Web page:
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We know men don’t think much about their prostate … until they must. But early intervention leads to more positive outcomes. Here’s what men (and their partners) can be aware of.
What is the prostate gland?
This small gland only exists in males. Around the size of a walnut, it sits just below the bladder and surrounds part of the urethra, the tube that carries urine from your bladder. It helps to make some of the fluid in semen so it’s also part of the reproductive system.
What problems can it cause?
1 Prostate enlargement
This is the most common issue. In most men the prostate starts to slowly enlarge from their 40s, but symptoms are rare in those under 50. As the prostate enlarges, it can compress the urethra and cause symptoms in around 30% of men such as:
- Difficulty initiating urination and reduced flow
- Needing to pass urine more frequently (most noticeable at night)
- Needing to pee more urgently
- Having to stop and start peeing
- A feeling of a full bladder
Treatment for prostate enlargement varies. In many men we can simply do nothing and see how things progress over time. In others, lifestyle changes such as changing the timing of fluid intake and adjusting caffeine and alcohol intake can be enough. A number of medications can control symptoms.
Inflammation of the prostate is called prostatitis and it’s usually caused by infection. Some men with chronic prostatitis can identify triggers and adjust their lifestyle accordingly. Common symptoms are difficulty passing urine, pelvic pain and fever/chills. Bacterial prostatitis needs prompt management as it can become serious if left untreated. Prostatitis can be sexually transmitted but is often caused by bacteria in the urinary tract.Symptoms include:
- Pain or burning sensation when urinating (dysuria)
- Difficulty urinating, such as dribbling or hesitant urination
- Frequent urination, particularly at night (nocturia)
- Urgent need to urinate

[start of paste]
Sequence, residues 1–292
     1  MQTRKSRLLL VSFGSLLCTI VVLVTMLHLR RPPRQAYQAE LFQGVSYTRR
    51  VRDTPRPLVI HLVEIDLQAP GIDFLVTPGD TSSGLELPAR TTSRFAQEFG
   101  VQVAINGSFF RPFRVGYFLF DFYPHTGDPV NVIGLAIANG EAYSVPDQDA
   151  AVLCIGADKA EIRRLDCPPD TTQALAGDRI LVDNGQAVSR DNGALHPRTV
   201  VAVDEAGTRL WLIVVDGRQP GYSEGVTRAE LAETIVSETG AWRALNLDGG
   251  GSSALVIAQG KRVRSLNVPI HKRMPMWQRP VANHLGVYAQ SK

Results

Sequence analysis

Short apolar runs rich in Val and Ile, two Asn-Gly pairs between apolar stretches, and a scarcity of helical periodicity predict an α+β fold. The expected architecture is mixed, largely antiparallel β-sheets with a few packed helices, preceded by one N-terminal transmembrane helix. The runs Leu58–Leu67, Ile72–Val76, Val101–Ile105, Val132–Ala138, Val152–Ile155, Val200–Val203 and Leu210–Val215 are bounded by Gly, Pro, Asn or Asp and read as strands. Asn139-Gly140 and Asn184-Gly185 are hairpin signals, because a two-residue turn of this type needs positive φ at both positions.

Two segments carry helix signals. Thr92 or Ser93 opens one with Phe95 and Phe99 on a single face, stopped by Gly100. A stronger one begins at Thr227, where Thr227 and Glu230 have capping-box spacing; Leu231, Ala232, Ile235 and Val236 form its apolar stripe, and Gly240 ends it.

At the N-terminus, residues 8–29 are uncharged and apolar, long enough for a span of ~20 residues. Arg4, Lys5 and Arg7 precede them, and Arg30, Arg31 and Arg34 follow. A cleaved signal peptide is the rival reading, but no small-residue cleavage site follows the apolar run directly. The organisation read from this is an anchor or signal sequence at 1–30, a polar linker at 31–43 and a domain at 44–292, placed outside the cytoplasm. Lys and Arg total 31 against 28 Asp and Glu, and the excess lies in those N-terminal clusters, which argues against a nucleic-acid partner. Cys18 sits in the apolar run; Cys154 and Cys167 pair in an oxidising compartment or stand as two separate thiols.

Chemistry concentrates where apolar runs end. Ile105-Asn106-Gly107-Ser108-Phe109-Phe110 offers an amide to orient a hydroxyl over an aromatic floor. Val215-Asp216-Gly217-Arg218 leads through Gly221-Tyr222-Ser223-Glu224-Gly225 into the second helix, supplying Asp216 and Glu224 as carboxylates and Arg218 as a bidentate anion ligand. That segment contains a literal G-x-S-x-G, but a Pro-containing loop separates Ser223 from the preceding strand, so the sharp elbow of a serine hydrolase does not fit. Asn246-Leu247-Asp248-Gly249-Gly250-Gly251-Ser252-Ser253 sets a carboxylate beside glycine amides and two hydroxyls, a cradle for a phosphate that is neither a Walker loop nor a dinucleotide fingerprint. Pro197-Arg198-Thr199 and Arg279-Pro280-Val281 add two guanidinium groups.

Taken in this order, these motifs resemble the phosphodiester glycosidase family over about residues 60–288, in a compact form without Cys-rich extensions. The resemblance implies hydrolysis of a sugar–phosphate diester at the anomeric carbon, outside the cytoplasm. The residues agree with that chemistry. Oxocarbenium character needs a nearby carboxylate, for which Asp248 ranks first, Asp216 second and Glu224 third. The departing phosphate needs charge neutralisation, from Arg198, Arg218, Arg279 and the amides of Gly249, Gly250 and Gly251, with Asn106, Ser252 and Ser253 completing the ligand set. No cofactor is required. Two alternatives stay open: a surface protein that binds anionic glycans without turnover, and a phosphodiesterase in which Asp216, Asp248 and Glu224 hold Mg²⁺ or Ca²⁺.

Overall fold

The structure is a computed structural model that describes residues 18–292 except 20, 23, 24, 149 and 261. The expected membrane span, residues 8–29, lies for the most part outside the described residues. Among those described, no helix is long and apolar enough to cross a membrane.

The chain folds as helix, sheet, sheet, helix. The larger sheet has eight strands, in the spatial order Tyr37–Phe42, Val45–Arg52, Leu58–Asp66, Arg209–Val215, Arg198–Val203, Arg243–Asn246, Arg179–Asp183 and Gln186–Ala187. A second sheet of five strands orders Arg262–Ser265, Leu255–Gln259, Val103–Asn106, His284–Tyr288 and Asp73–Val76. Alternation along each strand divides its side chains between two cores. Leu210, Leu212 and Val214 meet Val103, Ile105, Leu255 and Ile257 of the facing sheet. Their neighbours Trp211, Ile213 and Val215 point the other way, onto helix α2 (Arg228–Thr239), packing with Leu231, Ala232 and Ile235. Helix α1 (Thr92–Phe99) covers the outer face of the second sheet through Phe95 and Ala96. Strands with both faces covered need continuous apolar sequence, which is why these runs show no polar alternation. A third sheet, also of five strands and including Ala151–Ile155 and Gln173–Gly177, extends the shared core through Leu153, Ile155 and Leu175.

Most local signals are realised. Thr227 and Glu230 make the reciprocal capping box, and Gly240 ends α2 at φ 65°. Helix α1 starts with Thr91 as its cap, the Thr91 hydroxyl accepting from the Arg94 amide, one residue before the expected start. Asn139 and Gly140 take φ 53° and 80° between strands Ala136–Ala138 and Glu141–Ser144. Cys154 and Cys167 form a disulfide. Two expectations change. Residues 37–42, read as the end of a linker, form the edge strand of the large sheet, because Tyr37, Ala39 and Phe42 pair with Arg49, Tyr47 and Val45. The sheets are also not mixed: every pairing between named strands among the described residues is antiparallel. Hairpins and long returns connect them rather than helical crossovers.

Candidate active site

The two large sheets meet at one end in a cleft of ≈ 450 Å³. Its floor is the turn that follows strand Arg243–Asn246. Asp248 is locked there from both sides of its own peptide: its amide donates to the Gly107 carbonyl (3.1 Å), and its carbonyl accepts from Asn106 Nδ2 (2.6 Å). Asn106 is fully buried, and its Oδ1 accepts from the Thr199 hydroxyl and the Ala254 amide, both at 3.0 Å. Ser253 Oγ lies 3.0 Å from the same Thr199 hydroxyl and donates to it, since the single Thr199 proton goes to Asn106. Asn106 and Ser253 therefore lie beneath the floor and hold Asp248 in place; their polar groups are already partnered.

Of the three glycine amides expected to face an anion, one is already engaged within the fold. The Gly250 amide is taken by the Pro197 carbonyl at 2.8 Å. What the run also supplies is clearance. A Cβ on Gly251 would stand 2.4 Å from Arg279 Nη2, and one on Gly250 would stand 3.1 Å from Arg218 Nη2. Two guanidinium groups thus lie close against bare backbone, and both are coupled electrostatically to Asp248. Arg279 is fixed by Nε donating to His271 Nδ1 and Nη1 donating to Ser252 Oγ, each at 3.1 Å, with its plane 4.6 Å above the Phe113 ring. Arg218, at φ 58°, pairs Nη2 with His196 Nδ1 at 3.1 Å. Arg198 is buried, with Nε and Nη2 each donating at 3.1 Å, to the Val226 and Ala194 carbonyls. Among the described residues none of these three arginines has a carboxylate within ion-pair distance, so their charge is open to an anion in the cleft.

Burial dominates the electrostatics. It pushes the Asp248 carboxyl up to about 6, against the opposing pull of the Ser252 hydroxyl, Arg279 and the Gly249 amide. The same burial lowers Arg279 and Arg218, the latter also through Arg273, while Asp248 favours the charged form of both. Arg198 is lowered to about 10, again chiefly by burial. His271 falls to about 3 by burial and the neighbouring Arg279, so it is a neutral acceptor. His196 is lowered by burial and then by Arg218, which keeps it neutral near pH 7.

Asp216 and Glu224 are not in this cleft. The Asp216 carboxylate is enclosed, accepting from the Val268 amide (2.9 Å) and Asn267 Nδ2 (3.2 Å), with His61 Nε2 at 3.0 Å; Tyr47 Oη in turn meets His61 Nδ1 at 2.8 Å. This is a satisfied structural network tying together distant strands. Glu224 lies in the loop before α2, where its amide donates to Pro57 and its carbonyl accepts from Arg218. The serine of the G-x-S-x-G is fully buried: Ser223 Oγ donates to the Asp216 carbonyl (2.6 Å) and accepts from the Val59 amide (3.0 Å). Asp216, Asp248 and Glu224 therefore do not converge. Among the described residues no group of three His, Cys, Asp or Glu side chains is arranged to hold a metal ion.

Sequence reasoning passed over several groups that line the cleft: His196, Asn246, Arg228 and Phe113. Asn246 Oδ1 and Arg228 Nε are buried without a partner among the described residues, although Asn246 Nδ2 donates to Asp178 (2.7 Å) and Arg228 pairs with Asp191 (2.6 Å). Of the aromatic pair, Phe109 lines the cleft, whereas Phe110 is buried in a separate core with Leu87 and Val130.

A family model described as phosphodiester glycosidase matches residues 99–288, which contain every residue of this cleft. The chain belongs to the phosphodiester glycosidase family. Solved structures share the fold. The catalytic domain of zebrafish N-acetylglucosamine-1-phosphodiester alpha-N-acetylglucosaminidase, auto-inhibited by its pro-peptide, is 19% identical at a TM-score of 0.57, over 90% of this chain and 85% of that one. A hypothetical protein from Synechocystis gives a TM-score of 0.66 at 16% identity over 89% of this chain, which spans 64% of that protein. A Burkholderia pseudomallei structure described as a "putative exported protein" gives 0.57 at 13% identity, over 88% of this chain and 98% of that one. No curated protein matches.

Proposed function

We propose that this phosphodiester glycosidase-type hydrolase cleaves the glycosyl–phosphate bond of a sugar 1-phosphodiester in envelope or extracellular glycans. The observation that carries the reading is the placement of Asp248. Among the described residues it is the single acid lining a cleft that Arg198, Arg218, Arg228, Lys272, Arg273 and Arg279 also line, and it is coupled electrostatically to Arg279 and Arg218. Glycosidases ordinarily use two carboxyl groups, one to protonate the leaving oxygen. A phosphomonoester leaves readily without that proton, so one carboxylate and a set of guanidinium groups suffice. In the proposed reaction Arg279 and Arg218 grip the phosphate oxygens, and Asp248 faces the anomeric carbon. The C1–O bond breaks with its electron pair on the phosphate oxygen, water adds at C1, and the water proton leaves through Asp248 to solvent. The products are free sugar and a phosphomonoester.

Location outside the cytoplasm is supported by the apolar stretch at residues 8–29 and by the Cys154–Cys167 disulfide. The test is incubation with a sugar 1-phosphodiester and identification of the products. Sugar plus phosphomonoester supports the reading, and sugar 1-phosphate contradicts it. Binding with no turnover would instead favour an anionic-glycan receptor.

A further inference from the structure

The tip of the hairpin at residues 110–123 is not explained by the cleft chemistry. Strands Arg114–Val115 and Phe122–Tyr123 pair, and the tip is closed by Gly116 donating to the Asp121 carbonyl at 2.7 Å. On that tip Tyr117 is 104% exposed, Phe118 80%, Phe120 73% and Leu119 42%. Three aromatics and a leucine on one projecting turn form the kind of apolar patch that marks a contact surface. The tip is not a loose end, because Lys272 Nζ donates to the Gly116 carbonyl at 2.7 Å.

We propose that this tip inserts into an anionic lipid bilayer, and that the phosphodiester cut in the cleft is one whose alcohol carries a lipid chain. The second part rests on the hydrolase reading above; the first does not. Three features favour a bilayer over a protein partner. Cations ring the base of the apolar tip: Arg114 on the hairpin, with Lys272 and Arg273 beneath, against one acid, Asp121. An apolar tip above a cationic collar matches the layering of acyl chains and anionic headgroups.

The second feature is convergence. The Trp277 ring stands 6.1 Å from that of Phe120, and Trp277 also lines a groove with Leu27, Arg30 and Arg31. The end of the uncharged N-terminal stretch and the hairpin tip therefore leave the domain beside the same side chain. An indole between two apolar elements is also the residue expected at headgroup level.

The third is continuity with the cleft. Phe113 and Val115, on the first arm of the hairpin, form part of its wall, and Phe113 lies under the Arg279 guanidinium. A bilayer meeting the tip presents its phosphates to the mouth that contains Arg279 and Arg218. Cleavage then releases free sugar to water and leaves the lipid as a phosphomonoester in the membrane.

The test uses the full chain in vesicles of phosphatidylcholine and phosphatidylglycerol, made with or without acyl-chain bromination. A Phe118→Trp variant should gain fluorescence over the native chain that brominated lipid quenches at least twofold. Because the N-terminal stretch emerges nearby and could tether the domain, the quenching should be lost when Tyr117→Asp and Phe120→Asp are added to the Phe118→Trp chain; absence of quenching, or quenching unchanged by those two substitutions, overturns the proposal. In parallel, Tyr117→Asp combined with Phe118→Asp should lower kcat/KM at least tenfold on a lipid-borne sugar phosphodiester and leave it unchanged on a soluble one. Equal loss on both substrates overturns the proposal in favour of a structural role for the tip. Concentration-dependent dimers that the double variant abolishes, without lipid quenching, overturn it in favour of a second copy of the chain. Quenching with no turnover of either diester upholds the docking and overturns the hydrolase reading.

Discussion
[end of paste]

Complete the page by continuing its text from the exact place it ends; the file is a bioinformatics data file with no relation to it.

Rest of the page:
- Cloudy urine
- Blood in the urine
- Pain in the abdomen, groin or lower back
3 Prostate Cancer
This is one of the most common types of cancer in men. Risk factors include increasing age, having a relative with prostate cancer, Afro-Caribbean ethnicity and obesity. Symptoms overlap with prostate enlargement and include reduced urine flow, frequent urination as well as blood in the urine, erectile dysfunction, weight loss and back pain. Screening for prostate cancer should be discussed with your doctor at around 50 years old, or younger if you have symptoms mentioned above.
A number of tests can be performed to check the prostate. A digital rectal exam is a quick examination which causes minimal discomfort (please be reassured that for doctors this is completely routine and nothing to be embarrassed about). A blood test can check PSA, a blood antigen that is specific to the prostate gland. In cases of suspected cancer, a biopsy or scan can also be undertaken.
Stop the shame
Prostate issues are common, but many men feel awkward discussing symptoms. All of the conditions here are treatable if caught early. If you’re worried, please share concerns with your doctor, who can help you to decide the best course of action.
- Prostate cancer is the second most common cancer in men worldwide (after lung cancer)
- The 5-year survival for early stage prostate cancer is nearly 100%
- According to the American Cancer Society, 42% men say they are not familiar with the warning symptoms of prostate cancer
- 25% men say they have never discussed a prostate screening with their doctor
For more information
Visit our website or make an appointment to learn how we can help you to take control of your own health and wellbeing. osler-health.com
Dr Neil Forrest is based at Osler Health Star Vista. If you have never visited Osler Health before you are welcome to go to Google Business reviews to see what others think.
Fact box source: cancerresearch.org